Deputy Dave will definitely be in his element because he's raised steer, swine and rabbits...and now chickens. Some of his happiest memories are during the times that he was raising his livestock, and I know he'll be very good at it as we prepare to raise some together.

This weekend, we have our kids at the house for a nice visit. Tonight, we're eating etouffe and tomorrow we're having more family over to join all of us for a taco fest. It's already been an exciting visit with more surely to come.

However, I still eagerly look forward to our change in scenery. Each day, we're closer and closer to making that important, pivotal change in our lives.

Wednesday, January 25, 2012

# 184 - Anonymous Food

Today, I was posting a comment on a blog buddy's story about their turkeys being killed by a fox. They had several turkeys killed, but were left with one for this past Thanksgiving meal preparation. A mighty big turkey I might add.

If you want to read about their story first-hand, go to and get the whole deal laid out.

Anyway, I left them a comment and I began to consider the issue on a deeper level. This blogster wrote about how the loss of the other turkeys prompted the one remaining lone turkey left alive to look for friendship within the farmers themselves. This attachment made the turkey's sacrifice for the Thanksgiving dinner table even more poignant and it tells of how difficult it can be to raise your own table food.

How do we keep our farm animals from becoming pets?

After I made my comment about the turkey attack, I found myself being grateful for those who are brave enough to raise and process their own food. This is not a task to be taken lightly.

After you have raised an animal for months...fed it, watered it, housed it on your land, provided a healthy environment for it and taken the initiative to be nurturing during its growth, it can be a tough ordeal to have the farm animal go from tenant to table food.

And this is the reason farmers often have a depth about them concerning the cycle of life...they understand seasons, the life and death cycle, they develop a sharp eye for their environment and the animals in it, and the farmer knows of survival hardships as a byproduct of running a farm, not from reality television. I admire the farmer's tenacity.

I believe that text book knowledge is much easier to come by than hands-on knowledge. Therefore, I respect the Pioneers of our past and the Homesteaders of today who are recapturing lost farming techniques that bring self-reliance. I especially appreciate those who are bringing back the small scale farming lessons for the rest of us to absorb on whatever scale we wish to absorb it. From those who walk their land and explore the indigenous plant life to the people raising goats, I am appreciative of their efforts. I'm sure the farmers of yester-year found the hands-on, trial and error learning process of farming to be much more difficult than the written record part of the equation.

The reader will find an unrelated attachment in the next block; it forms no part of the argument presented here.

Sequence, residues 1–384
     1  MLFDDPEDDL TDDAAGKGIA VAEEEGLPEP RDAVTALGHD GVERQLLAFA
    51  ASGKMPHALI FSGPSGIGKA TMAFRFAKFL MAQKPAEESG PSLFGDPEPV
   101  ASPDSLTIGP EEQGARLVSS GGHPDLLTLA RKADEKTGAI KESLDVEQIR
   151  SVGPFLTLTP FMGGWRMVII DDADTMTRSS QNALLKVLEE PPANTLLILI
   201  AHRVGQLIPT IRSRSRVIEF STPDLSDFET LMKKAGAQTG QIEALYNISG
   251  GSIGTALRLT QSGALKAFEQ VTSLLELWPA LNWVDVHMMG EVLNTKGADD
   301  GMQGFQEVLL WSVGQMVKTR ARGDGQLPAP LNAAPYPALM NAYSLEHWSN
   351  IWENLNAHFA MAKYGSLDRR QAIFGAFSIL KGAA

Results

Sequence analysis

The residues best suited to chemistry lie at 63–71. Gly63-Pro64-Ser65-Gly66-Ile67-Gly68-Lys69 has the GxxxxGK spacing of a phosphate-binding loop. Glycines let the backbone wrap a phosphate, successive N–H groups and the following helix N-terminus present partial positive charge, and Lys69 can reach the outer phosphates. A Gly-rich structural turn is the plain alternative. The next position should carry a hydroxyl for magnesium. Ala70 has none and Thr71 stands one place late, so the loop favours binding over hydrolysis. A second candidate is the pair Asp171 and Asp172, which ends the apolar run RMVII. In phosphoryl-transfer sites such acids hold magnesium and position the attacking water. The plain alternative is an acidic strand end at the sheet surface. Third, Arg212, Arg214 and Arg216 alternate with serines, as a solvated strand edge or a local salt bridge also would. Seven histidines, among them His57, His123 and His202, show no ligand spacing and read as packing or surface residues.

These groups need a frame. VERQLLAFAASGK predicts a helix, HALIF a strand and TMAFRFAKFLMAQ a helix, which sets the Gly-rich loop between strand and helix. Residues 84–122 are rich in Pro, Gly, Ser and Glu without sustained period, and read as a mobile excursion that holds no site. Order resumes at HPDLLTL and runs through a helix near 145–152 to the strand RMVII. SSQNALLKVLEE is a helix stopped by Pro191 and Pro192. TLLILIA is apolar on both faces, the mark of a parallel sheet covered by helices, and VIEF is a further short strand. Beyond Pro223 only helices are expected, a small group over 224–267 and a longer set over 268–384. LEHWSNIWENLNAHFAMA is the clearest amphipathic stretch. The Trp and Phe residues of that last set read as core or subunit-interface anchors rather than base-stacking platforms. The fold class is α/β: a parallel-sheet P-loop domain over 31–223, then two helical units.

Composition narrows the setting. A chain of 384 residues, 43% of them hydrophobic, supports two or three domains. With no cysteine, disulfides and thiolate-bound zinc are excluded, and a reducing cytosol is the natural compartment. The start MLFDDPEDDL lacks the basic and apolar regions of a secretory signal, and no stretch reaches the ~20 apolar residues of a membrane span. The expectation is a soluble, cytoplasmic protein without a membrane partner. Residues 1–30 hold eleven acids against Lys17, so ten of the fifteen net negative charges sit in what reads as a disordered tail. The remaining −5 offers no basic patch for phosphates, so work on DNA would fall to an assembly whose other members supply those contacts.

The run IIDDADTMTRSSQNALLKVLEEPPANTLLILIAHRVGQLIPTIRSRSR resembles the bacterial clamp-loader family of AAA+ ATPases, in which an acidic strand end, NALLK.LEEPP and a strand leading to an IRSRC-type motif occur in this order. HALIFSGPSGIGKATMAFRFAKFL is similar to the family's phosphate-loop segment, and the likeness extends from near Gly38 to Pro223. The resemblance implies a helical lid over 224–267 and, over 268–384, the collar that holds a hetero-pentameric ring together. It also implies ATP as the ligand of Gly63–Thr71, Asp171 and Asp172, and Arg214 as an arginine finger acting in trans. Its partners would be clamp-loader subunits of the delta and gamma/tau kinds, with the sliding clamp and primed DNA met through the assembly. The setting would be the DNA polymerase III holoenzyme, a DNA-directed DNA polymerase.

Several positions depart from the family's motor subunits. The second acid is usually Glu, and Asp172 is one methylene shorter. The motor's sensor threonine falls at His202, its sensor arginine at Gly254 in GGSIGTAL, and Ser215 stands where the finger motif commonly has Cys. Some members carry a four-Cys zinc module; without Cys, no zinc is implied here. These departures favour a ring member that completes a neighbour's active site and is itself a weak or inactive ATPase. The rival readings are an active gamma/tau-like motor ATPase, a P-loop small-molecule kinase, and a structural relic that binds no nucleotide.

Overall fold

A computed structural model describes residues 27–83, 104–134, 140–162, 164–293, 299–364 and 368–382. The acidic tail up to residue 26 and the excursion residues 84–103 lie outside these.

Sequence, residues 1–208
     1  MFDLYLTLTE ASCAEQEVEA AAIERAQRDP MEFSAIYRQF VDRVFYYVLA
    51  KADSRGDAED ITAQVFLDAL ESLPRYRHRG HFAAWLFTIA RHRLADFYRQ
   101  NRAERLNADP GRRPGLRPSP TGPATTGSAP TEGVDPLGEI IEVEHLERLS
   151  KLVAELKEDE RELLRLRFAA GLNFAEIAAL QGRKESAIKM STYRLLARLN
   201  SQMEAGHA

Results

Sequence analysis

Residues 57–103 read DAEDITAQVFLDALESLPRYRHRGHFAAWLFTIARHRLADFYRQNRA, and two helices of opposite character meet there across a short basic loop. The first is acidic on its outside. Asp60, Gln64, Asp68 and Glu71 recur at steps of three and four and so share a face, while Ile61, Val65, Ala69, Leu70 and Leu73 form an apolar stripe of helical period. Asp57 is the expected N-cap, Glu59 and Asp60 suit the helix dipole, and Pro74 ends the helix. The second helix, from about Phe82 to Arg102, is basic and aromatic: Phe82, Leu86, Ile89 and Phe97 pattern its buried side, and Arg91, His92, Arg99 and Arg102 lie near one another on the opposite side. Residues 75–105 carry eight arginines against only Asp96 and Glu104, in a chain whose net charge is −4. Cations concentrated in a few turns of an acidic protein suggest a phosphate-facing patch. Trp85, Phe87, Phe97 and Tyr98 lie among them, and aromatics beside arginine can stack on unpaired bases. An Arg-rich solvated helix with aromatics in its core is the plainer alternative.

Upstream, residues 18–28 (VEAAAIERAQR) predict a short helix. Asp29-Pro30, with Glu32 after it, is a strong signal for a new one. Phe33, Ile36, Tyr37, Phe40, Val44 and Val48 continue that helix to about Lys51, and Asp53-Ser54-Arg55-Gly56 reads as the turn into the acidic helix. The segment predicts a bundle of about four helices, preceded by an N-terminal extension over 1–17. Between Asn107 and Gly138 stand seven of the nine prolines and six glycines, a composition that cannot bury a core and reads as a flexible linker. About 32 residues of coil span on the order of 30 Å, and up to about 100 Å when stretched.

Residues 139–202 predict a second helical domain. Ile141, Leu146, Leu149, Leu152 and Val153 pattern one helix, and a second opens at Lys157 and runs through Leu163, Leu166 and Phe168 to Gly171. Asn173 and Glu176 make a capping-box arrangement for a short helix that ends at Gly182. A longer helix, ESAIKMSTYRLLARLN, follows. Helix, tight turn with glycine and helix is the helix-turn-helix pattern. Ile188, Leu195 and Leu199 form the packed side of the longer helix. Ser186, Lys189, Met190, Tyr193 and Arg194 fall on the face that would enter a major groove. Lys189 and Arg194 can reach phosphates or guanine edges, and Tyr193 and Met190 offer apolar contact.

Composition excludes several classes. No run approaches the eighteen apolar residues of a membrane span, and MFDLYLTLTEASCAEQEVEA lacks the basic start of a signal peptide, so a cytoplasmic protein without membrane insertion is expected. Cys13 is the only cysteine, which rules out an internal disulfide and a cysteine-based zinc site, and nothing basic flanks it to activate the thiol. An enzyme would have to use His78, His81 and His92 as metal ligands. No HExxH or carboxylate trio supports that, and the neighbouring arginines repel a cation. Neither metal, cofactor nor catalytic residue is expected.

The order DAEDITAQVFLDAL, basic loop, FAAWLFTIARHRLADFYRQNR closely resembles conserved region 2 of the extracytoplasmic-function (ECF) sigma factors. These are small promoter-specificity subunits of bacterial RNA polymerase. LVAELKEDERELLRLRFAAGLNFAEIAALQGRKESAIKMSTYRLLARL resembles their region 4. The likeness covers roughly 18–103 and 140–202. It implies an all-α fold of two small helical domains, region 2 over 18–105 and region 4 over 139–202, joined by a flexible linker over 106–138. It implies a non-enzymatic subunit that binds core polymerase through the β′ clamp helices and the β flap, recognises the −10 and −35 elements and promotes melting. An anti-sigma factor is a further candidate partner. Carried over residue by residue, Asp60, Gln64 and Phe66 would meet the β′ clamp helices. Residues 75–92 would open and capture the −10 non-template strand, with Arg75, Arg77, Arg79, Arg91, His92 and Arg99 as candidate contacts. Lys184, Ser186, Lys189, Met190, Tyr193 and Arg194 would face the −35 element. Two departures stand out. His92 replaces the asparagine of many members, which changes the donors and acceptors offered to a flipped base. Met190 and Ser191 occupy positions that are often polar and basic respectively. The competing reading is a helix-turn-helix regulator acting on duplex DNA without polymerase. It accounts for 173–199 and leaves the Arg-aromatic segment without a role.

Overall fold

Recording all they had learned was probably a cinch compared to everything they'd endured to get to the stage of being able to write about their experiences.

So, most of us are on our own when it comes to learning how to grow our own food or process our farm animals. We might find a book about processing chickens, but unless you have the fortitude and the willingness to dig in and get it done, you will likely continue to only read about it with paralyzed action.

For me, I've been like the rest of society and have been purchasing most of my food from the grocery store, especially our meat. As for tomatoes and many herbs, we've tried growing them ourselves, but presently, our garden is kaput. I currently do not have canning knowledge to extend the life of my garden to my pantry shelves for the off-season, not just yet. That will be another area of change for this 2012 year.

And when the growing season is finished, you can bet that all of us are having fresh garden vegetable withdrawals. I promise you that the grocery store tomato cannot compare to the flavorful taste and intense fragrance of home-grown tomatoes.

The older I get and the wiser I become, hopefully, and the more that I can see that knowing the source of my food, especially my table meat, is something to pursue further. Choosing the anonymous beef or the anonymous chicken in the industrial package or the grab-bag turkey at Thanksgiving is not something that I can do anymore without it being a conscious decision that will bring me a bit of uneasiness.